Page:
On paper, roguelike game design sounds like a fantastic idea. Most small developers don’t have access to the finances or resources of big studios, so it takes considerably more time to produce a quality, lengthy video game. The shortcut, then, is that smaller developers can utilize procedural generation to make a little bit go a lot further, and this can be used to fantastic effect as seen in games like Enter the Gungeon and Dead Cells.

Unfortunately, it can also be used as a crutch, causing developers to rely too heavily on the algorithms to make the game fun, instead of investing more effort into designing that fun for themselves. Away: Journey to the Unexpected, a new first-person roguelike action game, falls closer to this latter end of the spectrum, providing a short and occasionally confusing gameplay experience that fails to prove itself as being more than the sum of its parts.

Away: Journey to the Unexpected puts you in the shoes of a nameless boy who lives with his grandparents, whose parents work in a top-secret government job and have been missing for a number of weeks. When a construction company drills a hole in the basement of the grandparents’ house – causing monsters to flood in – the boy is given a wooden stick from his dog and sets off on an adventure to get to the bottom of what’s going on. Though the narrative is kept to a bare minimum, the lighthearted and rather off-the-wall story at the core of this adventure is a welcome aspect of Away that provides just enough mystery to keep you guessing.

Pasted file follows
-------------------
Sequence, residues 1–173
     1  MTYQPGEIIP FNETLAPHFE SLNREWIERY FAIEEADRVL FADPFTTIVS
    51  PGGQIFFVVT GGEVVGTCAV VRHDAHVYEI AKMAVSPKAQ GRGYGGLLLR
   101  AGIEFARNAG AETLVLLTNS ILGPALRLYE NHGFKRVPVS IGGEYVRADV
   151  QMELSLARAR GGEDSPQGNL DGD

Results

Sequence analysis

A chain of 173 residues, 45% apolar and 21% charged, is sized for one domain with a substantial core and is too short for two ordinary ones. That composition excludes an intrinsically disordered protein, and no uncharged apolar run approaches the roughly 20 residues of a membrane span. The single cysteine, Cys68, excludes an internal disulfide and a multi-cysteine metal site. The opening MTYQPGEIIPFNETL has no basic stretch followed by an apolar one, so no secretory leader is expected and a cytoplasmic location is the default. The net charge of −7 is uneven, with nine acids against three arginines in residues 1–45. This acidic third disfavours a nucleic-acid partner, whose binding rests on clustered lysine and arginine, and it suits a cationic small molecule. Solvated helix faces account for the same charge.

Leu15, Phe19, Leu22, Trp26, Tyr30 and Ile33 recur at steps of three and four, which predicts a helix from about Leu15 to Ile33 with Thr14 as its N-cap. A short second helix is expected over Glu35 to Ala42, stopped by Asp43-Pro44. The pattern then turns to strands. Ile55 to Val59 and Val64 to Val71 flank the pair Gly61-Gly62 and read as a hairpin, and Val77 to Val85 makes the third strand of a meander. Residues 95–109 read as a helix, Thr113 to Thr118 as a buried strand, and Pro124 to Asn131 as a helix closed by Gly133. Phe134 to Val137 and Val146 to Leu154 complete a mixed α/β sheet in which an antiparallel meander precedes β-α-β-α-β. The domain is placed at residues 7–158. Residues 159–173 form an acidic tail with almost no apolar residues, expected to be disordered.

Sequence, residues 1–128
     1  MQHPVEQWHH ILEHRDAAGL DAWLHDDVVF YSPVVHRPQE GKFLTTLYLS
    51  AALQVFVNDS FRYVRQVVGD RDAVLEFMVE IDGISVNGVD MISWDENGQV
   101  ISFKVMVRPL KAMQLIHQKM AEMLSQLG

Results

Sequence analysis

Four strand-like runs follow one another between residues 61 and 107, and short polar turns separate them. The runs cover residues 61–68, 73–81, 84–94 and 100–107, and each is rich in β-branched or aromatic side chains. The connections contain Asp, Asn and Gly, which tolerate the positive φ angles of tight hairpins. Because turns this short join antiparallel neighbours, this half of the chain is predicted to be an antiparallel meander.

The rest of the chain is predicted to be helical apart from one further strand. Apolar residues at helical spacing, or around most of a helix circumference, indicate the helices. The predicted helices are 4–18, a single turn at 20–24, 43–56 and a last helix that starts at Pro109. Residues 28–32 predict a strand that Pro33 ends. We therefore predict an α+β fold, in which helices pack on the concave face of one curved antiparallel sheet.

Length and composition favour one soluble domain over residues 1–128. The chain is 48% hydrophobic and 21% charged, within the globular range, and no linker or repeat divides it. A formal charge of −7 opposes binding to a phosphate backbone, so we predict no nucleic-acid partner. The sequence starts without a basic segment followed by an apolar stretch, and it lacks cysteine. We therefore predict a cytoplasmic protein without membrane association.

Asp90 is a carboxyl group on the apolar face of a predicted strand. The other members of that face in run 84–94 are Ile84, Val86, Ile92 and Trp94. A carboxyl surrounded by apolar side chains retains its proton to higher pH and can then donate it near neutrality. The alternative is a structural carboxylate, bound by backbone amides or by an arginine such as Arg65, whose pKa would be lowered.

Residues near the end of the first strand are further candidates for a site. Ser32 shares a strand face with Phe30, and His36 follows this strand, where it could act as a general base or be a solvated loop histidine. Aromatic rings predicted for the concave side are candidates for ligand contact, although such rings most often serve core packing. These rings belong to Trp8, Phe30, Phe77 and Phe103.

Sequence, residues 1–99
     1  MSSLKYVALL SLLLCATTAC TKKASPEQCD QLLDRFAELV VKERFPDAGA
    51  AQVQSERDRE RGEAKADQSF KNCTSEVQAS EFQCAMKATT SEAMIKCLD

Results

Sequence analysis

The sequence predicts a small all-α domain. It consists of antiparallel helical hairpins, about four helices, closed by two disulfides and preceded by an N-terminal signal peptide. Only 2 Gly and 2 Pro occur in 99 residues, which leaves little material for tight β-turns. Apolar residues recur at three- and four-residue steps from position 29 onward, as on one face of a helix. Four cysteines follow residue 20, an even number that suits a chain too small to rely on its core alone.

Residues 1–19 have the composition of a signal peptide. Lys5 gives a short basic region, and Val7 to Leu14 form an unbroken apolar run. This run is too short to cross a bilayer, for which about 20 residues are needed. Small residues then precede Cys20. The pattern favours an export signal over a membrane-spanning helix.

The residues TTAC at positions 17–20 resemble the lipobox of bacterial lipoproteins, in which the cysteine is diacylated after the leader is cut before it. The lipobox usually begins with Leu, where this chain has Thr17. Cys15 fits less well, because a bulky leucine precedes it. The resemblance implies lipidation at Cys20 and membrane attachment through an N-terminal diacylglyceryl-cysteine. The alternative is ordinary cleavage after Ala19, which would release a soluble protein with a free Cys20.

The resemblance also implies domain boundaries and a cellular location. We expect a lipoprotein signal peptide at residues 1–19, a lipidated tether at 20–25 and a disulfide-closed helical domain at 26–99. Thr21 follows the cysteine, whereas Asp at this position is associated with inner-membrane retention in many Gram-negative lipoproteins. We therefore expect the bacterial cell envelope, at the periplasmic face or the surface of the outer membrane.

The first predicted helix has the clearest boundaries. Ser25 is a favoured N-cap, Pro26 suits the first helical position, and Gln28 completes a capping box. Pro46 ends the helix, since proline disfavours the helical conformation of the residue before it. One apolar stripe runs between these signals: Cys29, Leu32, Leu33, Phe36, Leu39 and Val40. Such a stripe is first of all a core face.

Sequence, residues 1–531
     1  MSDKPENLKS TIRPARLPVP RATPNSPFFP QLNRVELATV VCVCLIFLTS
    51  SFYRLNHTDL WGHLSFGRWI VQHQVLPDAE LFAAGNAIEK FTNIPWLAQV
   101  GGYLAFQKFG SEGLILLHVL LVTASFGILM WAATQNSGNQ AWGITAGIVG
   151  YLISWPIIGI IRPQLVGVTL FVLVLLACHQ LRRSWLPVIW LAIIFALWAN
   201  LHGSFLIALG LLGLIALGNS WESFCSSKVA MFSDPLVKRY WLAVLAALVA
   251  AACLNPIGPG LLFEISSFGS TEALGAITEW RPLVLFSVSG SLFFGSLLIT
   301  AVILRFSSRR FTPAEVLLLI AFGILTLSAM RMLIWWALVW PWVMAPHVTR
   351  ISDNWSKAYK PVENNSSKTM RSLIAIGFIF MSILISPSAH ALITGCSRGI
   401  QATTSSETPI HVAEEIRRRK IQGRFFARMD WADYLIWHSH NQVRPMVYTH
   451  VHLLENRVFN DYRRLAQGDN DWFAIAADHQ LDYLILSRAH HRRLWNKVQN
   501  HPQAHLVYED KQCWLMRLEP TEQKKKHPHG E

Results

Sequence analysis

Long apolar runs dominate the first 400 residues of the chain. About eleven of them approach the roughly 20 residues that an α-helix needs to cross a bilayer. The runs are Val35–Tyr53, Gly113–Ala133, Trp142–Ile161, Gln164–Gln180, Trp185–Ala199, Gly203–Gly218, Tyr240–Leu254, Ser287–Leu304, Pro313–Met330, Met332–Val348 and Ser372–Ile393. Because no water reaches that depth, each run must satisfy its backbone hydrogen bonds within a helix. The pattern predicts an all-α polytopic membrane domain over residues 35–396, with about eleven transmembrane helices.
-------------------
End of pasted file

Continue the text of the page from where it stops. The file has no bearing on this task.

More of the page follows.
Gameplay takes the shape of a first-person action title with roguelike elements mixed in, but the implementation of the random elements is sketchy at best. Your character has only a hefty stick to fight with, but hit detection on strikes is a bit off, and this can make it difficult to judge when exactly to initiate an attack against an enemy. All enemies attack you in one of two ways – either by running into you or shooting something at you – but there seems to be an unusually large window where enemy melee attacks land from farther away than they should. Your stick doesn’t have very much range at all, so finding that sweet spot where you can strike enemies without them striking you is frustrating and hard to nail down. This issue with melee attacks can be combated somewhat by the consumable, rare fireworks you can use to strike from a distance, but they’re hard to come by and have a noticeably long fuse that delays the explosion.

You start out the game by exploring overworld areas dotted with treasure chests that contain helpful health or money pickups, a handful of NPCs that can be recruited to your ‘party’ (more on that later), and entrances to mini-dungeons that you have to clear to unlock the boss dungeon for that area. It’s a simple enough setup, but problems arise when you run into the randomized mini-dungeons, which can vary wildly in quality and depth. Sometimes, you get a decently-sized collection of rooms with a good mixture of puzzles, platforming, and combat, while other times, you literally get a small, one-room cave where the boss lever is guarded by three weak enemies. Then, about halfway through this five-hour (on the outside) campaign, Away: Journey to the Unexpected decides to do away with the mini-dungeons entirely and just puts the boss levers in the overworld with next to no challenges to trip them. What starts out as a potentially promising adventure gradually curdles into something decidedly sloppier; something which is unacceptable given how short Away: Journey to the Unexpected is to begin with.